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Pro bono centre up and running

Every Issue

Cite as: (2002) 76(10) LIJ, p.80

A new pro bono resource centre is open to ideas as to the sorts of support it could provide.

Federal Attorney-General Daryl Williams launched the National Pro Bono Resource Centre at a national pro bono workshop held in Sydney on 15 August 2002.

The centre has been established with the aim of promoting the delivery of high quality pro bono legal services across Australia. It seeks to identify and overcome barriers faced by practitioners in providing pro bono work, and improve mechanisms for linking clients and communities in need with pro bono services. Its core budget will be met by a grant from the Commonwealth of $250,000 per annum. The Commonwealth has also met the centre’s establishment costs.

Established by a consortium of organisations led by the Public Interest Advocacy Centre, the centre is an independent national organisation, which shall be managed by a widely representative board. The interim board includes former NSW country practitioner and former Law Society president John North, the director of the Public Interest Advocacy Centre Andrea Durbach and WA Law Society member Michael Cole. The board will include representatives from the National Association of Community Legal Centres, the Australian Council of Social Services (ACOSS) and from Public Interest Law Clearing Houses (PILCHs). (There are PILCHs in Victoria, Queensland and NSW). The centre will also be supported by a broadly based advisory committee.

Former Northern Territory lawyer Gordon Renouf – who has considerable experience in access to justice, consumer and law reform issues – has been appointed as the centre’s inaugural director.

The centre will not duplicate the work of the numerous existing pro bono schemes, rather it intends to undertake activities that support the pro bono efforts of these schemes, as well as supporting firms and individual practitioners. In particular, the centre’s role does not include referring clients to appropriate pro bono service providers or in providing legal advice.

“There are plenty of lawyers currently providing pro bono services, both directly to the public and through various matching schemes. We intend to work to make pro bono easier for firms and more accessible to clients,” Mr Renouf said. “There are a number of obstacles to high quality pro bono – these include financial barriers such as filing fees, transcript and interpreter fees, limited access to expert support in areas where the pro bono lawyer is not a specialist, and concerns about legal or commercial conflicts of interest. The centre will be able to provide national coordination of efforts to address issues such as these.”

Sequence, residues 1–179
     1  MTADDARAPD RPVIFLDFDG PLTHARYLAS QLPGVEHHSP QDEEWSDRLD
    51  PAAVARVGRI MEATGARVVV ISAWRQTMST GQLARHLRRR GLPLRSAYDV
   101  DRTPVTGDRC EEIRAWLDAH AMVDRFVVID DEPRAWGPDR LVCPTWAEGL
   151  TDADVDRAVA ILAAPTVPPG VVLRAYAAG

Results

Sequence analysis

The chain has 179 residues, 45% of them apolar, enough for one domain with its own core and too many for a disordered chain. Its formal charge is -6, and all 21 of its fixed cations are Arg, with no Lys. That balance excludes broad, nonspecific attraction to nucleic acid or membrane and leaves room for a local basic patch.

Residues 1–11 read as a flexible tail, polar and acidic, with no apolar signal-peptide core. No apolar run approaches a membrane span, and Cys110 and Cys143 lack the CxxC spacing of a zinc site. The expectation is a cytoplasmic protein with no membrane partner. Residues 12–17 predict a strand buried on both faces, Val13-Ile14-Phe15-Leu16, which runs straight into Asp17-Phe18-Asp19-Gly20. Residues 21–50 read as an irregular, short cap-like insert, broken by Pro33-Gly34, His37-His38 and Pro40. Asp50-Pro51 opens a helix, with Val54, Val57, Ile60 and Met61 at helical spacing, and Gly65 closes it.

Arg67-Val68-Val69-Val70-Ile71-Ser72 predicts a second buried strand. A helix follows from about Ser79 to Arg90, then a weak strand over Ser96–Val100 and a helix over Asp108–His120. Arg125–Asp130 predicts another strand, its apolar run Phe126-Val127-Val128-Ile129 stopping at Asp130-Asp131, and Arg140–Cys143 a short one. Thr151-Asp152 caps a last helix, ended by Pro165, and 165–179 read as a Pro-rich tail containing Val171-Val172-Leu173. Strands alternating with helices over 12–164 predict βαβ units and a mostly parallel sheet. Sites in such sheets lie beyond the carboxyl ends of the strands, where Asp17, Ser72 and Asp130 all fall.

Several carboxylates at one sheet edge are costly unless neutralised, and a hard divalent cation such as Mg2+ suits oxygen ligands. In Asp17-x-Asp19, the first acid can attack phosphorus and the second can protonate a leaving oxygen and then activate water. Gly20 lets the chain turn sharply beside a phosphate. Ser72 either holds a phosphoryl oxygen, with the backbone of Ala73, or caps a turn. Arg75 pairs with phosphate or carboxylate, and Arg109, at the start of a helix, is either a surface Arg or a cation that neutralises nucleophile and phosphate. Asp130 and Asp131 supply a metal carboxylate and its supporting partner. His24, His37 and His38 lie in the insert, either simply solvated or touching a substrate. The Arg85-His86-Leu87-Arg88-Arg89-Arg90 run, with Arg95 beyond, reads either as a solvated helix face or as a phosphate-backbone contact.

Promoting good practice in pro bono law is one aim of the centre. The 2001 Report of the National Pro Bono Task Force identified a demand from pro bono practitioners for a best practice handbook for managing pro bono law. Such a handbook would include practical “how to” advice for practitioners on issues such as promoting a pro bono culture, models of pro bono practice, risk management and quality assurance, budgeting and record keeping, the availability of expert support, disbursement assistance and fee waivers.

“There are many effective pro bono activities being undertaken in Australia and internationally. I hope the centre can identify and promote good ideas for improved pro bono practice,” Mr Renouf said.

Another key activity of the centre involves identifying ways in which communities or members of communities that have poor access to legal services can be matched with pro bono legal services. Mr Renouf was particularly interested in ways in which pro bono service providers could develop partnerships with disadvantaged communities so as to provide a broad range of assistance.

“We can’t get away from the fact that there are significant numbers of clients with meritorious cases in areas such as family law, criminal law and administrative law who do not have access to the advice or representation they need. But not every legal problem involves litigation and not every lawyer who wants to undertake pro bono work is a courtroom specialist. There are a whole range of skills possessed by lawyers that could be used to produce long-term improvements in the circumstances of disadvantaged communities,” Mr Renouf said.

The centre is currently recruiting two additional staff and hopes to attract a secondment from a law firm in the near future. It will also seek project funding from various sources in order to expand its activities.

There has already been significant discussion and consultation about the development of pro bono in Australia and the activities that could usefully be undertaken by the centre.

The National Pro Bono Resource Centre aims to build on this work through ongoing consultation with the profession and other relevant groups, and is currently finalising its work plans for the coming year. It is particularly interested to receive contributions from lawyers about the sorts of activities that it could undertake to enhance pro bono in Australia. Until established in its own premises, the centre is located in the Public Interest Advocacy Centre and can be contacted on 02 9299 7833 or by email at


Contributed by GORDON RENOUF, director National Pro Bono Resource Centre, for Voluntas.


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